Where Can I Get a Geologic Map of My Property?
Steven Dutch, Professor Emeritus, Natural and Applied Sciences, University
of Wisconsin - Green Bay
The Short Answer in Most Cases is: You Can't
Here are some reasons why:
- It takes a lot of time and effort to create a really detailed geologic map. Unless your
property was of unusual interest, chances are it hasn't been mapped in detail. If it had
been, odds are you or a previous owner would have known about it as it happened.
- The sorts of features plotted on geologic maps tend to be large. In the vast majority of
cases a geologic map of a single property lot, even a large farm, would contain only a
single geological unit; once in a great while a geologic contact (boundary between units)
might run across a piece of property. Anything more complicated than that would be
- In many places there just isn't enough information to say much specific about the
geology of a single piece of property. In northern Wisconsin, for example, a property
might be entirely buried by glacial deposits. The nearest information about bedrock might
be an outcrop a mile away on one side and a well a mile away on the other. If the bedrock
is the same in both places we are probably safe in assuming it passes under the property
as well. If the bedrock is different we can assume there's a contact someplace between the
two sites, but there's no way of pinning its location down exactly.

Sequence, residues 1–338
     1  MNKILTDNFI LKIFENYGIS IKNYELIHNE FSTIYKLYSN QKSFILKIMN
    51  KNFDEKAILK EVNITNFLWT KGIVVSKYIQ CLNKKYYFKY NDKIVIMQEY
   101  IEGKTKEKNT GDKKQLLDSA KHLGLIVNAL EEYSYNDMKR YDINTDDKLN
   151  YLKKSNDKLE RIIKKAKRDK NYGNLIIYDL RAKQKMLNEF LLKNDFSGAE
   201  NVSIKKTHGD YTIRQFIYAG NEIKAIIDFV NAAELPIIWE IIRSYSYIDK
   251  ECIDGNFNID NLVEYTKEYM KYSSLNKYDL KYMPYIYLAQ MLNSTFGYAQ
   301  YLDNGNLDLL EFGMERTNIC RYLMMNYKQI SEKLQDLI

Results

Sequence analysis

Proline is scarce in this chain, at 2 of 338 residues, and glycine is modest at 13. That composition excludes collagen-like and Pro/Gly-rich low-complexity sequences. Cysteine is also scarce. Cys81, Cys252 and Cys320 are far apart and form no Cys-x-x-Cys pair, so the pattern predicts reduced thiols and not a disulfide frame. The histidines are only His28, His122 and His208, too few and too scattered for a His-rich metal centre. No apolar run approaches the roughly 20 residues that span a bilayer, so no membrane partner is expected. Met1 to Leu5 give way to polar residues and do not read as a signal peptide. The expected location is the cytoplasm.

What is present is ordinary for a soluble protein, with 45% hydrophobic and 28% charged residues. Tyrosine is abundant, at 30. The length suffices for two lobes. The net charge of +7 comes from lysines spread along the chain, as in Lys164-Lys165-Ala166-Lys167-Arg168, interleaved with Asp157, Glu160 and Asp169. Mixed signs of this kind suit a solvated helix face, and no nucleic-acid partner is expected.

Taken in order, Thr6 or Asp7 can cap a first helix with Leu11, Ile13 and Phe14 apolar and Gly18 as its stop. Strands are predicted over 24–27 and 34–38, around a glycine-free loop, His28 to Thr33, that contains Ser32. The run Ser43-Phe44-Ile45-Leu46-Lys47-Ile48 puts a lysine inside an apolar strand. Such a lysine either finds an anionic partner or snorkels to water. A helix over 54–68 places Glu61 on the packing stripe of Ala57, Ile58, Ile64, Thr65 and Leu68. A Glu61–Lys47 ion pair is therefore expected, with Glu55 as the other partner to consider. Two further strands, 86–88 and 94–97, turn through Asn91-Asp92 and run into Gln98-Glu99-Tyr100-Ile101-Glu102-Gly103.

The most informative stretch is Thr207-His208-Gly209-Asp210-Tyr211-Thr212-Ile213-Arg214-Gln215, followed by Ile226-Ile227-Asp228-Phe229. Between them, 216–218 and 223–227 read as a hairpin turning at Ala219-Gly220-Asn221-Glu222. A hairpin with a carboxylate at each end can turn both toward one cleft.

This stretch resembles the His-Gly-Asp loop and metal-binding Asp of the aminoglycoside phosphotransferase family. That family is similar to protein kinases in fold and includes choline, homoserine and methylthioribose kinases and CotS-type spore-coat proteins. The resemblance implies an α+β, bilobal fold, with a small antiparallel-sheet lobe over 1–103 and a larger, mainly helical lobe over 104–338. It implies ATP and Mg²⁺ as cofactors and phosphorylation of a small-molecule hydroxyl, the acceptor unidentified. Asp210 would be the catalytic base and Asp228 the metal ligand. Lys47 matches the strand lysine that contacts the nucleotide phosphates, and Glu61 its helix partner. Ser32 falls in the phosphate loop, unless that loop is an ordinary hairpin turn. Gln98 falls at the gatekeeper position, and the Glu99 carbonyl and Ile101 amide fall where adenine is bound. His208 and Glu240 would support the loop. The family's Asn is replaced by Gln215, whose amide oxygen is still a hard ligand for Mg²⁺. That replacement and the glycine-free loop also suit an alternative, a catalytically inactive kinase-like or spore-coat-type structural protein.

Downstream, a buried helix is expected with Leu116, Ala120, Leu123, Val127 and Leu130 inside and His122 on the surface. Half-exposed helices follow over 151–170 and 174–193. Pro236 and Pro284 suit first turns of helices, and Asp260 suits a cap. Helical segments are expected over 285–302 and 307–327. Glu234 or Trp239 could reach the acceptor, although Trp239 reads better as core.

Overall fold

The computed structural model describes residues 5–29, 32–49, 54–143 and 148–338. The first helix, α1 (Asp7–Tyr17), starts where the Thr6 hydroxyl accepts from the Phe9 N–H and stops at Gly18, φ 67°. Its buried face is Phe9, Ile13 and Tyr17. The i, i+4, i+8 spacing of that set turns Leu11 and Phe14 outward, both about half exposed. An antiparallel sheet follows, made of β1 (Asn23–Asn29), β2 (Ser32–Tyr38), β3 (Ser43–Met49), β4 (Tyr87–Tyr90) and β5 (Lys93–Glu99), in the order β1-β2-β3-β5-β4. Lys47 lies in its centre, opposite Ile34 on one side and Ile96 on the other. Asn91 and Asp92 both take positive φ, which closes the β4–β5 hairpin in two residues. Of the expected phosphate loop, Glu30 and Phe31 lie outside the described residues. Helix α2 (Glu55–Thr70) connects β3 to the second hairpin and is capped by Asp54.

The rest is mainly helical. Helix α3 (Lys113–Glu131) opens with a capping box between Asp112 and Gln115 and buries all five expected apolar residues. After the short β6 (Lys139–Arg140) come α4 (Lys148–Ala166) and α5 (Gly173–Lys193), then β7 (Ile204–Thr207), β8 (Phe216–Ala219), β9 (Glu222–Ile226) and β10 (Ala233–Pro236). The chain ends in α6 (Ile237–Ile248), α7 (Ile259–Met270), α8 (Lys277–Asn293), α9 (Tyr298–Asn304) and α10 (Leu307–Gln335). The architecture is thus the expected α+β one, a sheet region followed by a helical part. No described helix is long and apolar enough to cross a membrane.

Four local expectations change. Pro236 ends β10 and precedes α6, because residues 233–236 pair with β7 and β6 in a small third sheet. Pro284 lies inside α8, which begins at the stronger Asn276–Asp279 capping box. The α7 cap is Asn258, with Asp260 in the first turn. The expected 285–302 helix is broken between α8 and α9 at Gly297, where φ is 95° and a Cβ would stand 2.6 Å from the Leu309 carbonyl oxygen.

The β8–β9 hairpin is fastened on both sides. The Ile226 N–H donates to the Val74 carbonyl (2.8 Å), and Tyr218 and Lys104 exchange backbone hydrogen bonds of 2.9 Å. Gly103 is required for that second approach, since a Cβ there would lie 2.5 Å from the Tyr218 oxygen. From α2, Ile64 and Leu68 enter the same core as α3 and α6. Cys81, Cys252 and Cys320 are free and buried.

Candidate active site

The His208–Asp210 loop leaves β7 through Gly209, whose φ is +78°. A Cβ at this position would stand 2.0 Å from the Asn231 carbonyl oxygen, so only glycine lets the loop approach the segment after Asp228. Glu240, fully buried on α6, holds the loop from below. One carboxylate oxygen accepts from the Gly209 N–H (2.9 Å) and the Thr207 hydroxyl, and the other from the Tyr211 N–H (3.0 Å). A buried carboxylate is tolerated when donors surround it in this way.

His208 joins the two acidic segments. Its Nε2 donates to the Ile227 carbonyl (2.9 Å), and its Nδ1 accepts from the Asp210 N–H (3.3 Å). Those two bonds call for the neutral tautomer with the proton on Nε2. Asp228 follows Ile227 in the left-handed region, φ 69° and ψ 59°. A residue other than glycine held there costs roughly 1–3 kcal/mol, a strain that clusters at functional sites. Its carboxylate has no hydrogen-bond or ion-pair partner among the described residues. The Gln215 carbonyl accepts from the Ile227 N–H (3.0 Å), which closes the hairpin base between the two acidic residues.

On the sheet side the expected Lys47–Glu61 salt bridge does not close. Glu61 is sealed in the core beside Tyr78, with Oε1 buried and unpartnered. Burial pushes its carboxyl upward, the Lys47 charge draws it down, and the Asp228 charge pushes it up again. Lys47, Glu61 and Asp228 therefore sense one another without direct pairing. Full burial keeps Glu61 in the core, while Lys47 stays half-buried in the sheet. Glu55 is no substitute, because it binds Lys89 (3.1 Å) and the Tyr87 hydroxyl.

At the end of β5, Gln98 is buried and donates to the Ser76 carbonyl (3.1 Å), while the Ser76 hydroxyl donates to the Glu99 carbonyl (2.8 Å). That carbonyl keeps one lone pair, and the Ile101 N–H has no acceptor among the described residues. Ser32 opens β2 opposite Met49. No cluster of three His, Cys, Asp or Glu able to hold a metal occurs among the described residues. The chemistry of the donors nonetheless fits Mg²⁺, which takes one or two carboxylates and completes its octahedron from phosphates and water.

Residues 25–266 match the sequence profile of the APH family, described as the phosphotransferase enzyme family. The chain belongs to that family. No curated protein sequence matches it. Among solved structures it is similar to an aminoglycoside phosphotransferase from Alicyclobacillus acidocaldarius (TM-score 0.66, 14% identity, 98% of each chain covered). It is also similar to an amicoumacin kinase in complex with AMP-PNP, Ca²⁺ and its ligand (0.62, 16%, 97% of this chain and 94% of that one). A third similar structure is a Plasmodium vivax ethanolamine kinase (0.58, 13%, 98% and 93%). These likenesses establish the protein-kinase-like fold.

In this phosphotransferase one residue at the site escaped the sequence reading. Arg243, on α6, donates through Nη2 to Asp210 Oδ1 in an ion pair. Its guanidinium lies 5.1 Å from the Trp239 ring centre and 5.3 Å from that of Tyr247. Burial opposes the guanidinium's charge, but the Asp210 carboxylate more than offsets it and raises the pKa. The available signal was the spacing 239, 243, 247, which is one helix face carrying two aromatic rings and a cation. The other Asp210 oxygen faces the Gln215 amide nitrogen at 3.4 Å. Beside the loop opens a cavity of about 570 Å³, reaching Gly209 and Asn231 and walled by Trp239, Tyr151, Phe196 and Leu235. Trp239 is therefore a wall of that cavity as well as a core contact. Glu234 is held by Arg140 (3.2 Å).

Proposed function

What You Can Get:
Although the odds are very much against your finding a detailed map of your specific
property, you can find maps of the surrounding area that include your property:
- The entire United States is covered by topographic maps at scales of 1:24,000
(one inch = 2000 feet, or about 2-5/8 inches per mile). These maps are sold by the U.S.
Geological Survey and many private vendors. Indexes are available for each state.
A geologist can often tell a great deal about the geology of an area from a
- Every state has a geological survey that produces geologic maps. In addition, the U.S.
Geological Survey publishes geologic maps, and also produces indexes that include geologic
maps published elsewhere, for example, in research journals or graduate theses. Map
coverage ranges from very detailed to very sketchy. Only Kentucky is completely covered by
geologic maps at 1:24,000 scale, one per topographic quadrangle.
- Much of the U.S., especially agricultural areas, is covered by soils maps.
These are often drawn onto aerial photographs so that tiny details are visible. Two
warnings are in order. First, soil terminology can be confusing. Second, you may or may
not be able to tell much about geology from a soils map. If the soil formed directly from
the underlying bedrock, you probably can. If it formed from glacial deposits covering the
bedrock, you can't. However, if you're interested in planting the soil, excavating, or
slope stability, a soils map may be just what you want.
- Most states collect well records which are available to the public, and you can
get the records from the vicinity of your property. Well drillers vary a lot in accuracy,
geological knowledge and record-keeping, many old wells may not have been recorded or the
records were lost or misplaced, and wells dug by the property-owners themselves were
probably not recorded. In addition state highway departments have test boring records, and
state geological surveys often have records and samples from research or exploration
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Created 18 September 1998, Last Update
11 January 2020